Saint George for England

By Colman, Rebecca | Contemporary Review, April 1997 | Go to article overview

Saint George for England


Colman, Rebecca, Contemporary Review


On the twenty-third of April some Englishmen will wear a red rose and others will toast the memory of England's patron saint. Why the English chose St George as their patron saint has long been a puzzle. There is no evidence that St George ever left the Orient, much less travelled as far west as the British Isles, yet his fervent adoption by the English rivalled even that of the Greeks who were the first to call him megalomartyr. His popularity was spread in the west by returning crusaders. Innumerable institutions and communities large and small made him their patron saint. Under his flag, Venetians and Genoese built commercial empires, Portugal fought for independence, the Catalans freed Barcelona from the Moors and Aragon clinched the victory that led to the reconquest of Valencia after the saint appeared at a critical juncture in the battle of Puig. Where no such spectacular triumph accrued to his name, he was associated with important local myths (the Bulgarians identified him with their fabled Thracian Rider) or with traditional rituals, particularly spring festivals. In England's case, however, historians have searched in vain for a comparable connection. He did not appear at a time of great national endeavour but, on the contrary, was adopted after the ignominious defeat of 1066 that cost the English their country. The traditional answer to 'What did St George mean to the English?' has been a list of Christian virtues that is generally considered inadequate, since pious exhortation without concrete expectations has seldom spurred men to action. In recent centuries, industrial and imperial ascendancy has given England's St George world-wide exposure, but his adoption in the first place has remained a mystery.

The maturing of St George into England's patron saint was a slow process spanning several centuries after the Norman Conquest. Before that time he was hardly known outside monastic circles, a fact confirmed by Aelfric, Archbishop of York and author of the first English life of the saint who, writing less than fifty years before the Normans' arrival, differentiated between saints 'honoured by the English nation' and saints like St George whom monks 'honoured among themselves.' The earliest recorded popular recognition of St George was as a battle-cry in the third crusade (1189). A generation later, his feast day was declared a national festival and a century later Edward III made him patron of the prestigious Order of the Garter. In the fifteenth century, the Archbishop of Canterbury ordered his festival to be celebrated with the same solemnity as Christmas, and in the sixteenth, St George's superior standing was marked by Henry VIII's ban on the celebration of any other saint's day except his. By Shakespeare's time he might be described as a fully incorporated patron saint of England: he was provided with an English birthplace (Coventry) and an English lord for a father, in the way people popularly authenticate their heroes, no matter what their provenance. His establishment thus appears to have been a gradual recognition of increasing public attachment to a widely popular figure who was not anchored in any way to England.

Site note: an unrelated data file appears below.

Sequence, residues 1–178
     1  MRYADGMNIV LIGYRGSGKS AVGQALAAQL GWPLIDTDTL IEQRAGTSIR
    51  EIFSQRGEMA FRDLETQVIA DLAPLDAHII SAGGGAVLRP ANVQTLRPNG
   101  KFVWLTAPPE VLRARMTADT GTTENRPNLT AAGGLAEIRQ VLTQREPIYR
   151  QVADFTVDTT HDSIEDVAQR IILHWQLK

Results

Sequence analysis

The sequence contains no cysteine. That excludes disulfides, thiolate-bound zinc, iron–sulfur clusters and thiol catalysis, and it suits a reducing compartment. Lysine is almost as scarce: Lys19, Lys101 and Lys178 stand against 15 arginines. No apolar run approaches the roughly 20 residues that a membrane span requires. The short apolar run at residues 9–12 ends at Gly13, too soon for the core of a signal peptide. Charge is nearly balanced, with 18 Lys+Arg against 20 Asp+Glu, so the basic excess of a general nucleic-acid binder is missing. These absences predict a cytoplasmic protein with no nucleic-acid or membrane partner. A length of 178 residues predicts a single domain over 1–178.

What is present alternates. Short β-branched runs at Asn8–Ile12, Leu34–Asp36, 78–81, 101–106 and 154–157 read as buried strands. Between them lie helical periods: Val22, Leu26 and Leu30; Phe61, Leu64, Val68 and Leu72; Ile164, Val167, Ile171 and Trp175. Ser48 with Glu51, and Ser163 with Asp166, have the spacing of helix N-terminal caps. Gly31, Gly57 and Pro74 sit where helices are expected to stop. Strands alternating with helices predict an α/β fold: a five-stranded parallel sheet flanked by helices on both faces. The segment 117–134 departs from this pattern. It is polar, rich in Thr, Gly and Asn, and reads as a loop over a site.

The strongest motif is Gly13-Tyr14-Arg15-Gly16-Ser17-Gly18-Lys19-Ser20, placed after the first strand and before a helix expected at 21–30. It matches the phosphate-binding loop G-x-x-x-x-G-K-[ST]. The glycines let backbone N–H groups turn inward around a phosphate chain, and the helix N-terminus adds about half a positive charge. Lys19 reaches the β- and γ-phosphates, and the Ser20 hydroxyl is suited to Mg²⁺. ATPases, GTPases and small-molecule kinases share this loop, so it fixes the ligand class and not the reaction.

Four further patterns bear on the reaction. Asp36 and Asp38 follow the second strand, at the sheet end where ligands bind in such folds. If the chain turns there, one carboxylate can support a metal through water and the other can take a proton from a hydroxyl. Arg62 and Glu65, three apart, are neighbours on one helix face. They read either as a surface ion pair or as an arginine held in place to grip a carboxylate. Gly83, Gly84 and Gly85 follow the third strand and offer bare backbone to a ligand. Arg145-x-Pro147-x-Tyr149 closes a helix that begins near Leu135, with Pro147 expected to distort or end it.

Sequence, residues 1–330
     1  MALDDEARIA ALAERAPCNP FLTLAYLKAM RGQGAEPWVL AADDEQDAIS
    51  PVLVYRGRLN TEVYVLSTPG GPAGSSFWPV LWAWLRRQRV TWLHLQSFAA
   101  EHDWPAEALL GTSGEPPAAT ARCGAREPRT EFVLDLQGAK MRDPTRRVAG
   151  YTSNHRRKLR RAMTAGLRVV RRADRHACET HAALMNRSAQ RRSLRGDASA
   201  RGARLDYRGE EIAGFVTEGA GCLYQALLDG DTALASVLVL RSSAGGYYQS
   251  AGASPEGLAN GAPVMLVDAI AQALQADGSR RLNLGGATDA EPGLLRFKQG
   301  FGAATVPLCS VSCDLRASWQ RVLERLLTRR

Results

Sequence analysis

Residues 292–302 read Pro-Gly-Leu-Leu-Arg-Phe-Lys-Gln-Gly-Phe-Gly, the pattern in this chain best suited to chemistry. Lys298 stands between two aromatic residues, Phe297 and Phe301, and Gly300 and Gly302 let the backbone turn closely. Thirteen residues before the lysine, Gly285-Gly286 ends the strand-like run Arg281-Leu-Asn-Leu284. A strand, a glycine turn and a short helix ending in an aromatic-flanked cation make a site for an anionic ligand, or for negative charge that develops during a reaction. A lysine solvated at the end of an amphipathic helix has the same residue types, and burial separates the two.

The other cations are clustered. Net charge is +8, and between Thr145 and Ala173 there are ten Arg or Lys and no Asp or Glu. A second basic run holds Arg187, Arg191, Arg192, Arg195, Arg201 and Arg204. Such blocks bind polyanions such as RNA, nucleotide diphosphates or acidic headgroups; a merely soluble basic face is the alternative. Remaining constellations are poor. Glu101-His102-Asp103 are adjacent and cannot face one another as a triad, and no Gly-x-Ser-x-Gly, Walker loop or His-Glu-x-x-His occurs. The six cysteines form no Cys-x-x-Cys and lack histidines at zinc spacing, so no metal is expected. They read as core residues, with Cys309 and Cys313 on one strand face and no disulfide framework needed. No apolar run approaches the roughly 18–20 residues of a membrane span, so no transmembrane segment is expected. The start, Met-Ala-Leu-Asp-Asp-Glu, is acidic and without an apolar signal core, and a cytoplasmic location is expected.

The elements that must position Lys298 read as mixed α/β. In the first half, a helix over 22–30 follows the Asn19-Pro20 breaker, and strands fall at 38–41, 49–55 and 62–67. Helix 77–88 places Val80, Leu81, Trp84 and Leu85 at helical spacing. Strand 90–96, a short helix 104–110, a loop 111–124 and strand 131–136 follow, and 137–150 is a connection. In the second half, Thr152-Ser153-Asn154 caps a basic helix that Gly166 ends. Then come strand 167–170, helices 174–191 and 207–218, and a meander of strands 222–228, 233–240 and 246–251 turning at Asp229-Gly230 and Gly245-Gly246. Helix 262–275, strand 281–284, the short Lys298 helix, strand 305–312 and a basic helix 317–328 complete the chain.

A greater puzzle, and one that has a close bearing on the case, is that the English did not connect anybody with the most memorable event in their history: the conquest and settlement of Britain. Unlike other people on similar historic missions, the invaders of Britain left behind no memories of their triumph. There are no songs of the deeds of the Angles and Saxons. Old English poems about foreign heroes like Beowulf have survived, but there are no legends of AElle and Cerdic and Ida, telling of heroic days when Angles and Saxons fought battle after bloody battle, as we now know they did from the excavated sites along the Thames and other inlets. The Celts' side of that story is enshrined in the world-renowned legends of the Romano-British King Arthur. It is inconceivable that such a life-and-death struggle should not have left behind similar, deeply-etched folk memories on the English side, stories that ought to have become the cherished beginnings of a patriotic literature. …

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